1. bookVolume 39 (2021): Issue 4 (December 2021)
Journal Details
License
Format
Journal
eISSN
2083-134X
First Published
16 Apr 2011
Publication timeframe
4 times per year
Languages
English
access type Open Access

Experimental and theoretical behavior of cementitious plates containing ethylene vinyl acetate reinforced with glass woven fabric under impact load

Published Online: 07 Mar 2022
Volume & Issue: Volume 39 (2021) - Issue 4 (December 2021)
Page range: 491 - 506
Received: 25 Oct 2021
Accepted: 19 Jan 2022
Journal Details
License
Format
Journal
eISSN
2083-134X
First Published
16 Apr 2011
Publication timeframe
4 times per year
Languages
English
Abstract

The paper is an analysis of the experimental and theoretical behavior of cementitious plate containing waste ethylene vinyl acetate (EVA) with and without reinforcement with glass fiber woven fabric (GFRP) under low-velocity impact load effect. Cementitious plates of 150 mm × 150 mm size and three different thicknesses (15 mm, 30 mm, 50 mm) are produced by replacing the cement mixture aggregate with EVA at 0%, 18%, 32%, 45%, and 56% by volume of aggregate. Then, the cementitious plates are coated with GFRP using vacuum infusion method. The effect of EVA and GRFP coatings on the dynamic impact behavior of cementitious plates is investigated by applying a low-velocity impact test on the produced cementitious plates with an impactor of 18 mm diameter, 10.50 kg weight, and 500 mm height. The data obtained from the experimental results are analyzed based on the mass-plate theory, lightweight (LWC) and normal weight (NWC) concrete, and the consistency of the theoretical results with the experimental results is compared. It has been determined that the use of NWC is more suitable for cementitious plates with an EVA replacement rate in the range of 0–32%, while the use of LWC offers more optimum results if the EVA ratio is in the range of 32–56%. Especially when the EVA displacement exceeds 32%, it causes excessive void formation in the structure, resulting in a reduction in the dynamic impact loads of cementitious plates. GFRP coating with vacuum infusion method is not recommended for cementitious plate structures when the EVA replacement rate exceeds 32% by volume of aggregate.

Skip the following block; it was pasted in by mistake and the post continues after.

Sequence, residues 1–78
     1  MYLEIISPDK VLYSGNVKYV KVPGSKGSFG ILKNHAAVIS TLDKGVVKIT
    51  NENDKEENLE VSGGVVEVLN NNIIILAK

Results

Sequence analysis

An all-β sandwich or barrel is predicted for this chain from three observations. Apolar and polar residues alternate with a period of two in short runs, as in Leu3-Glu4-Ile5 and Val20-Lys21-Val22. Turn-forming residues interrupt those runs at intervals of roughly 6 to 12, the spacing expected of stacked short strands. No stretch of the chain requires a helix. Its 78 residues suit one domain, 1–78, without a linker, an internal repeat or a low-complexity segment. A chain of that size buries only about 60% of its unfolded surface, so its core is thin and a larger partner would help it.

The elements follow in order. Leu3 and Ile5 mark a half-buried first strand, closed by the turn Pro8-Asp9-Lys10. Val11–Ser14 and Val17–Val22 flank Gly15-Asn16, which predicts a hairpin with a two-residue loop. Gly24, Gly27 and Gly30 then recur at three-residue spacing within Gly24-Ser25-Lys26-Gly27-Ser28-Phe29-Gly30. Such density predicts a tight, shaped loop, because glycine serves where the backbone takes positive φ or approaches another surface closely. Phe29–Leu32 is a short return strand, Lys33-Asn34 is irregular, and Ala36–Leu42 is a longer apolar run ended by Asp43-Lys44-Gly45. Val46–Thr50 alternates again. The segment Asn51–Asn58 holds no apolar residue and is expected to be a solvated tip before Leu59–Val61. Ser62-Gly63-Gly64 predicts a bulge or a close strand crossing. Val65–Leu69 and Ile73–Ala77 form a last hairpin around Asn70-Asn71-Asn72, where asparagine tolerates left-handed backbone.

Keywords

Introduction

Today, concrete is one of the most used building materials, with high strength, durability, longevity, and resilience [1]. In recent years, various unexpected structural collapses have occurred in reinforced concrete structures. Various overload conditions such as impacts, explosions, and earthquakes often cause structural damage or even collapse in concrete structures. In order to reduce such damages, studies on the structural design of concrete structures to withstand the impact load have increased day by day. Kennedy [2] reviewed the various empirical procedures used to determine penetration depth, perforation thickness, and scabbing thickness for concrete targets subjected to “hard” missile impact. It concluded that for projectile deformation to have a significant effect on perforation and scabbing thicknesses, missile deformation must be at least 40% of the calculated penetration depth for an undeformed missile. Adhikardy et al., [3] along with interpreting the results of the authors’ previous test data, examined the transformation of the failure mode from bending failure under static loading to shear failure under impact load, and highlighted several issues regarding the impact response of beams. Yoo and Banthia [4] have made a review study on the impact strength of fiber-reinforced concrete. They suggested combinations of fiber types to increase impact resistance. For this purpose, it is of great importance to develop concrete structural elements that will provide better resistance against overload conditions and to examine the dynamic impact behaviors of these structures.